Spirit Lander and Bonneville Crater in Color
NASA/JPL/University of Arizona

Spirit Lander and Bonneville Crater in Color
ESP_025815_1655  Science Theme: Future Exploration/Landing Sites
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HiRISE has never before imaged the actual lander for the Spirit rover in color, on the west side of Bonneville Crater. The lander is still bright, but with a reddish color, probably due to a dust cover (lower left in the subimage).

A bright spot from a remnant of the heat shield is still visible on the north rim of Bonneville Crater. The backshell and parachute are still bright, but were not captured in the narrow color swath.

The rover itself can still be seen near "home plate" in the Columbia Hills, but there is no obvious sign of rover tracks--erased by the wind.

Written by: Alfred McEwen   (8 February 2012)



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Acquisition date:29 January 2012 Local Mars time: 3:04 PM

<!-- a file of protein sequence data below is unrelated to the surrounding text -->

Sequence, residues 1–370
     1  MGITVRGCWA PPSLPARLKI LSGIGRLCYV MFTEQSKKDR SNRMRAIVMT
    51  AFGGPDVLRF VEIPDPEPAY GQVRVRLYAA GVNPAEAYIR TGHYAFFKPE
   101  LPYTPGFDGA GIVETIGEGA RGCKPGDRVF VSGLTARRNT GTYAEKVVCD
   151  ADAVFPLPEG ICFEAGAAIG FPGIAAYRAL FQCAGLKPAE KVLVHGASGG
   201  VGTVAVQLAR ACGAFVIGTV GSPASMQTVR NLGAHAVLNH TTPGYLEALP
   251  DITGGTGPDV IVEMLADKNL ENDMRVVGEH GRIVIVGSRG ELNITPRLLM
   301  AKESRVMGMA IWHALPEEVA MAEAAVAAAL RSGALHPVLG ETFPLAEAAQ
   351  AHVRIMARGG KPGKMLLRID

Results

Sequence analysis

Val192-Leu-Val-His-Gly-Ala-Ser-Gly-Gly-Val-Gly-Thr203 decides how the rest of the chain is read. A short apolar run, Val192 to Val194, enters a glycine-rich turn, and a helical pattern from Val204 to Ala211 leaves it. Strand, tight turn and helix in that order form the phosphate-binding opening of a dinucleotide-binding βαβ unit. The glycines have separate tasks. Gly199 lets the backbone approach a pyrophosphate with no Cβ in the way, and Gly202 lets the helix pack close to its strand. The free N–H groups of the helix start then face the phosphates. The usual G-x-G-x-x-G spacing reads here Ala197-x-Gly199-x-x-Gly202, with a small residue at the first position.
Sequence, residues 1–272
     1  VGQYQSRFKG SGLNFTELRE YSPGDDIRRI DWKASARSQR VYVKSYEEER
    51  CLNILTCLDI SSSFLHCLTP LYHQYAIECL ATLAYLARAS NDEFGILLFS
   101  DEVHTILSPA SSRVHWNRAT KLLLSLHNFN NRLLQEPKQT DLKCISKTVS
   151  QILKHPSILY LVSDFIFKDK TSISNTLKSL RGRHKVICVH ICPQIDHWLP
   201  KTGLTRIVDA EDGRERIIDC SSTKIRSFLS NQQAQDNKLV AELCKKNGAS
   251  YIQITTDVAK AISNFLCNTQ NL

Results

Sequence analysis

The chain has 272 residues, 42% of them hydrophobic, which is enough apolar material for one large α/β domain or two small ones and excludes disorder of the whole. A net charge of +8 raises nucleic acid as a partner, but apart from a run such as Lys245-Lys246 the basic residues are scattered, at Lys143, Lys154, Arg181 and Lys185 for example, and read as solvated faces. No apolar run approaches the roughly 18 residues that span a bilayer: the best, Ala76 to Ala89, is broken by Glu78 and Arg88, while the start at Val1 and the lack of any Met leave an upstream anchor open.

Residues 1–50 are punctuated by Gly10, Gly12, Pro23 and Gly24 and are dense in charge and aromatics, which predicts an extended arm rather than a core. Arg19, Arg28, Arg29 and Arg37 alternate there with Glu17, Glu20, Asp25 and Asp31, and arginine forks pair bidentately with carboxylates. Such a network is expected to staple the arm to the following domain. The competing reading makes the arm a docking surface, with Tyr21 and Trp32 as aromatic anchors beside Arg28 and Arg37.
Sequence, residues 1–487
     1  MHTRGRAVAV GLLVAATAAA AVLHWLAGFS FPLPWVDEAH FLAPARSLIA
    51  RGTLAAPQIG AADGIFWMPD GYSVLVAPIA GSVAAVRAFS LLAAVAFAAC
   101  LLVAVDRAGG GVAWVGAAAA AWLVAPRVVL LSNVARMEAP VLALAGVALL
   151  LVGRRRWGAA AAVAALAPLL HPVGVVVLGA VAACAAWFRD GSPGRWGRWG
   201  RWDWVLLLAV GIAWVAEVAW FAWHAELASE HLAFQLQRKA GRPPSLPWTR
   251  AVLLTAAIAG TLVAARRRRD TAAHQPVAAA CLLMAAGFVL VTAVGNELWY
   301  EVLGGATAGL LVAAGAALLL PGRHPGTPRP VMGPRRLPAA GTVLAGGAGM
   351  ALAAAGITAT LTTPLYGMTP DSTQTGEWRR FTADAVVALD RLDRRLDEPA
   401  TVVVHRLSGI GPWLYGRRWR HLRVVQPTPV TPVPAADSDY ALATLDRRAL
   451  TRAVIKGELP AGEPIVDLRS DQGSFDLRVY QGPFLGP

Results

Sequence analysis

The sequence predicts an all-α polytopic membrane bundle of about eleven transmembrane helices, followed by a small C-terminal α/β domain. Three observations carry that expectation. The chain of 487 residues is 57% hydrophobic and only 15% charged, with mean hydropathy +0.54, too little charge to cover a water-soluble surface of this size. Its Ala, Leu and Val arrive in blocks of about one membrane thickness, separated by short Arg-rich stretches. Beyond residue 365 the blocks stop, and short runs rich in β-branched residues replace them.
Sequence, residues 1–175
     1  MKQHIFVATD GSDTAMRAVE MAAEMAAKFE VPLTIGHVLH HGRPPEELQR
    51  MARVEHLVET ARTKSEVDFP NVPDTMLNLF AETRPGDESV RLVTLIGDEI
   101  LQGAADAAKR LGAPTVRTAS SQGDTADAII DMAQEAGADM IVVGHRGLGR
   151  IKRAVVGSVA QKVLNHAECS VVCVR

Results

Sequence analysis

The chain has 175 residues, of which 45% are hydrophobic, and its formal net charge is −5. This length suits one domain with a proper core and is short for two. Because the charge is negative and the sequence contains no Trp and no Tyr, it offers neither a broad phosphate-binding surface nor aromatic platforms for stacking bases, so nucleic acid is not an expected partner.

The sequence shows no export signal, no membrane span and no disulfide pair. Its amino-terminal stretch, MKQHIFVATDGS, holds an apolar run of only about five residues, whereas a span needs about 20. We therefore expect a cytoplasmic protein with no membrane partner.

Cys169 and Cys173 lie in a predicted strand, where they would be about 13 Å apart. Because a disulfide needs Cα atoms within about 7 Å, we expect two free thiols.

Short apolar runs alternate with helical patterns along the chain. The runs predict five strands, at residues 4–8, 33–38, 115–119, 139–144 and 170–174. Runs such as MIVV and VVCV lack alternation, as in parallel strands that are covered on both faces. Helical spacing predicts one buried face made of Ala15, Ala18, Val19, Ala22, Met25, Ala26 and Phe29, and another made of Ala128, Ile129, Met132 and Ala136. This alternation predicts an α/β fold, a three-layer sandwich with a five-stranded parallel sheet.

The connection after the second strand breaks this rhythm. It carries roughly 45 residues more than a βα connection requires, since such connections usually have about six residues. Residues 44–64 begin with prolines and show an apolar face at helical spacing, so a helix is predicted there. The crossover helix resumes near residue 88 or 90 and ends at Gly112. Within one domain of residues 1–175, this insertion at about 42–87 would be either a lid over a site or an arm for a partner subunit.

Latitude (centered):-14.582° Longitude (East):175.486°
Range to target site:262.7 km (164.2 miles)Original image scale range:26.3 cm/pixel (with 1 x 1 binning) so objects ~79 cm across are resolved
Map projected scale:25 cm/pixel and North is upMap projection:Equirectangular
Emission angle:1.8° Phase angle:57.1°
Solar incidence angle:58°, with the Sun about 32° above the horizon Solar longitude:63.2°, Northern Spring
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North azimuth:97° Sub-solar azimuth:44.0°
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North azimuth:270°Sub solar azimuth:218.0°

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For information about NASA and agency programs on the Web, visit: http://www.nasa.gov. NASA's Jet Propulsion Laboratory, a division of the California Institute of Technology in Pasadena, Calif., manages the Mars Reconnaissance Orbiter for NASA's Science Mission Directorate, Washington. Lockheed Martin Space Systems is the prime contractor for the project and built the spacecraft. The HiRISE camera was built by Ball Aerospace and Technology Corporation and is operated by the University of Arizona. The image data were processed using the U.S. Geological Survey’s ISIS3 software.